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Posted on May 13, 2013 (5773) By Rabbi Pinchas Winston | Series: | Level:

Can a person die before his or her time? The halachah of the Sotah in this week’s parshah seems to imply yes, for just as in the case of other sins for which the punishment is death, it seems that a person can bring on his or her own death prematurely.

The Sotah, or the suspected adulteress, drinks a special mixture meant to prove her innocence or guilt. If innocent, the drink will not affect her negatively, and even result in blessing. If guilty of adultery, then she, and the man with whom she sinned, will die shortly after, and not in a very pleasant manner either.

Hence, it was her own errant behavior that caused the Sotah’s early death. Had she remained true to the Torah, seemingly, she would have lived a much longer life. The same thing is true for anyone who warrants the death penalty.

Not only this, but it seems as if one can even die prematurely accidentally, as the Talmud seems to teach:

The Malach HaMaves used to frequent Rav Bibi bar Abaye. He said to his messenger, “Bring me Miriam the hairdresser.”

He went and brought him Miriam, a children’s nurse.

“I told you Miriam the hairdresser!”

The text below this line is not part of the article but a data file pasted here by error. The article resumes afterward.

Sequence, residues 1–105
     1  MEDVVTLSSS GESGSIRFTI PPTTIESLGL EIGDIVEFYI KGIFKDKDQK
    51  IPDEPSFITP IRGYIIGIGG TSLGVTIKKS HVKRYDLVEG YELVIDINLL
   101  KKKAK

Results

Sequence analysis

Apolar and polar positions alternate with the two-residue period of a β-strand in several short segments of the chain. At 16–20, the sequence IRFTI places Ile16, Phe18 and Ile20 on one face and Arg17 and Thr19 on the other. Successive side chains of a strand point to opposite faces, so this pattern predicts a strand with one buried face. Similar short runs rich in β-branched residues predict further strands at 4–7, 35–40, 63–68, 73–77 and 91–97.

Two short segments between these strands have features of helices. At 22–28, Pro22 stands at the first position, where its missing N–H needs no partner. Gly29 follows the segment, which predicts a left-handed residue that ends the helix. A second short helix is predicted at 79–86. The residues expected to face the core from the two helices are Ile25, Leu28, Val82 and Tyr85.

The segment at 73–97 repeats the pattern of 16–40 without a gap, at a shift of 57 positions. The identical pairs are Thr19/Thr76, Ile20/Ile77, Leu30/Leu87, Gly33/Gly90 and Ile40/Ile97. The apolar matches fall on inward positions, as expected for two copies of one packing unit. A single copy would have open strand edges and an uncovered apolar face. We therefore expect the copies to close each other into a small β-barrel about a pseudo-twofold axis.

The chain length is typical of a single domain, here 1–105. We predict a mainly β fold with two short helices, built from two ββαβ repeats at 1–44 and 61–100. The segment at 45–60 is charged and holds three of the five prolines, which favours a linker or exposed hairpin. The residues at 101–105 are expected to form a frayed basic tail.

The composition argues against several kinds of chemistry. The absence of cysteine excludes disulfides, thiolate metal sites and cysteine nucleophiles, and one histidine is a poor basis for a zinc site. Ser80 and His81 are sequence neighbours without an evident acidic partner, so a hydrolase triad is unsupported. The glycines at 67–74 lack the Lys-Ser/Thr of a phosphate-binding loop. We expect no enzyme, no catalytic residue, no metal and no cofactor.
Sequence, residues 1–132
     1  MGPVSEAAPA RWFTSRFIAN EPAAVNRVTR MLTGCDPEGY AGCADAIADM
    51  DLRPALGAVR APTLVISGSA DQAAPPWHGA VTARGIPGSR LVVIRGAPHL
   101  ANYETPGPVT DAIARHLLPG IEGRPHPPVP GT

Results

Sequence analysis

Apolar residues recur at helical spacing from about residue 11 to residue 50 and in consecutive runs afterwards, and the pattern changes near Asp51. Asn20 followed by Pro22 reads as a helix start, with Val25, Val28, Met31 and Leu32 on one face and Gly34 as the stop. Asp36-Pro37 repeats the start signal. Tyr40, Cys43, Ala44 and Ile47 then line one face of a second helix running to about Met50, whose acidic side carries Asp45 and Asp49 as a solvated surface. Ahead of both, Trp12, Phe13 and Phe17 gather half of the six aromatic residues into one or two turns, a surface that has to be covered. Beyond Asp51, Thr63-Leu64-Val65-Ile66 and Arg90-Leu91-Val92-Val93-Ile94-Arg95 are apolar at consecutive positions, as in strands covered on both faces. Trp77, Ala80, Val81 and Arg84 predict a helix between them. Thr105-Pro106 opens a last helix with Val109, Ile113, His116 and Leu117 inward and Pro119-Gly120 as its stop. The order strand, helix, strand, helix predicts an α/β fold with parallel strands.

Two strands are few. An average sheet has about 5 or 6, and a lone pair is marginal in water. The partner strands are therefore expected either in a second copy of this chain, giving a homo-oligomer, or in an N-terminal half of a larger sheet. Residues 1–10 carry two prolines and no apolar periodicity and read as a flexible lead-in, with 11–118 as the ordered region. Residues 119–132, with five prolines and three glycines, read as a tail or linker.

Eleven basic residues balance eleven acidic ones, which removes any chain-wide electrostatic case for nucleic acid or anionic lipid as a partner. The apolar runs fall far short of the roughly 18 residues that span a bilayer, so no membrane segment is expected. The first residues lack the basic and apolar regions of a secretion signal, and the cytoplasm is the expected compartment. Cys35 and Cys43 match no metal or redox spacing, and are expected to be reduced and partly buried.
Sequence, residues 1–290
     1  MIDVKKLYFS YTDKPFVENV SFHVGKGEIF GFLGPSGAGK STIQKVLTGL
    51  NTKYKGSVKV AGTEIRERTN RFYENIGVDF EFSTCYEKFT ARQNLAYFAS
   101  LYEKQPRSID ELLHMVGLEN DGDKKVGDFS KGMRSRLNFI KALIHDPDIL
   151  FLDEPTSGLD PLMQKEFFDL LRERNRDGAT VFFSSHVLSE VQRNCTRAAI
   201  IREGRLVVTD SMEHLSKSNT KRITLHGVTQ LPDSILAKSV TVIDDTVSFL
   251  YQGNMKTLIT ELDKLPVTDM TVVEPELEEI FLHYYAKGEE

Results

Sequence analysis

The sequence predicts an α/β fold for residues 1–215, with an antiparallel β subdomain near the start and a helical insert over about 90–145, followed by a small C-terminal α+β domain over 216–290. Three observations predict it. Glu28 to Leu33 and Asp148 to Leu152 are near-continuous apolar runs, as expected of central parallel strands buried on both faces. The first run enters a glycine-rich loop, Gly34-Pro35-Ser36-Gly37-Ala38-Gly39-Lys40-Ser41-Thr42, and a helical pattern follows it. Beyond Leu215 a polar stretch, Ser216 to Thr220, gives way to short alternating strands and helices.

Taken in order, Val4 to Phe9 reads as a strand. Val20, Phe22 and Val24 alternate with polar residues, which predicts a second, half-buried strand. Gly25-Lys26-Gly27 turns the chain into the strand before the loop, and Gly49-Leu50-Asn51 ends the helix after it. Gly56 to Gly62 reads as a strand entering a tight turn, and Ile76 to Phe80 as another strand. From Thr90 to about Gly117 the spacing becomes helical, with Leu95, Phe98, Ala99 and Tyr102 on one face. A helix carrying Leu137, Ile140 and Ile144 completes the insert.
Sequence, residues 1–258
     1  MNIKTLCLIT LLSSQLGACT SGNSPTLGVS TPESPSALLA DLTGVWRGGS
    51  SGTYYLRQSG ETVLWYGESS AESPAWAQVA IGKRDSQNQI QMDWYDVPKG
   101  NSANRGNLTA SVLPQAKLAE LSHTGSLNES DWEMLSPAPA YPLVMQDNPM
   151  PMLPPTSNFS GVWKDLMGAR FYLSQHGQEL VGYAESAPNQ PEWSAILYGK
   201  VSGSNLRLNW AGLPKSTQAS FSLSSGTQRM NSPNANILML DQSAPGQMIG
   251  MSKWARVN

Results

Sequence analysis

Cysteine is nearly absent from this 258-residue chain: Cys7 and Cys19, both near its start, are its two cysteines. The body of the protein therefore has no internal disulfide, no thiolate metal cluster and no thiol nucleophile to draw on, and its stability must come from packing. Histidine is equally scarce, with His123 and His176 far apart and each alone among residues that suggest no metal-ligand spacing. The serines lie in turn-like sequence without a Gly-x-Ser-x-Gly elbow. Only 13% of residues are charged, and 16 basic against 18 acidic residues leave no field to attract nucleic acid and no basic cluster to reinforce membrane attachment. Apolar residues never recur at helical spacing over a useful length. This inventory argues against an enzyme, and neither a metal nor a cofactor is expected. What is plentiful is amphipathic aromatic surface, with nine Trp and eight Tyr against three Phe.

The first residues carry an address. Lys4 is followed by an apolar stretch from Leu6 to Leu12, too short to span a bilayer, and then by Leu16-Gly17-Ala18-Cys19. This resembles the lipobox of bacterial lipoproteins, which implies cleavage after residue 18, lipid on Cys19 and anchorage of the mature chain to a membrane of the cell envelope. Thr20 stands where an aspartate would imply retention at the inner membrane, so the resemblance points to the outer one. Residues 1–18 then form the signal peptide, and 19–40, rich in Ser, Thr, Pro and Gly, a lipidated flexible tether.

He answered, “Then I will return her.”

He said, “Since you have brought her, let her be added. But how were you able to take her [before her time]?”

“She was holding a shovel in her hand and was heating and raking an oven. She put it on her foot and burnt herself, damaging her mazel, so I brought her.”

Rav Bibi bar Abaye asked him: “Do you have permission to do that?”

He answered: “Is it not written: ‘There are those taken away without justice’?”

He countered: “But it says, ‘One generation passes away, and another generation comes!’ (Koheles 1:4)”

So, he explained: “I have charge of them until they have completed the generation, and then I hand them over to Dumah!”

He asked, “In the end, what will you do with her [missing] years?”

He said: “If there is a Rabbinic scholar who overlooks things,

I will give them to him in her place.” (Chagigah 4b)

Elsewhere, the Talmud discusses how the righteous king, Chizkiah HaMelech, almost lost 15 years of his life:

The Holy One, Blessed is He, brought suffering to Chizkiah and told Yeshayahu, “Go and visit the sick,” as it says, “In those days Chizkiah became ill to the point of death; and Yeshayahu the son of Amotz, the prophet, came and said to him, ‘So says God, Lord of Hosts: Command your house for you shall die and not live.’ ” (Yeshayahu 38:1).

“Why do I deserve such a severe punishment?” asked Chizkiah.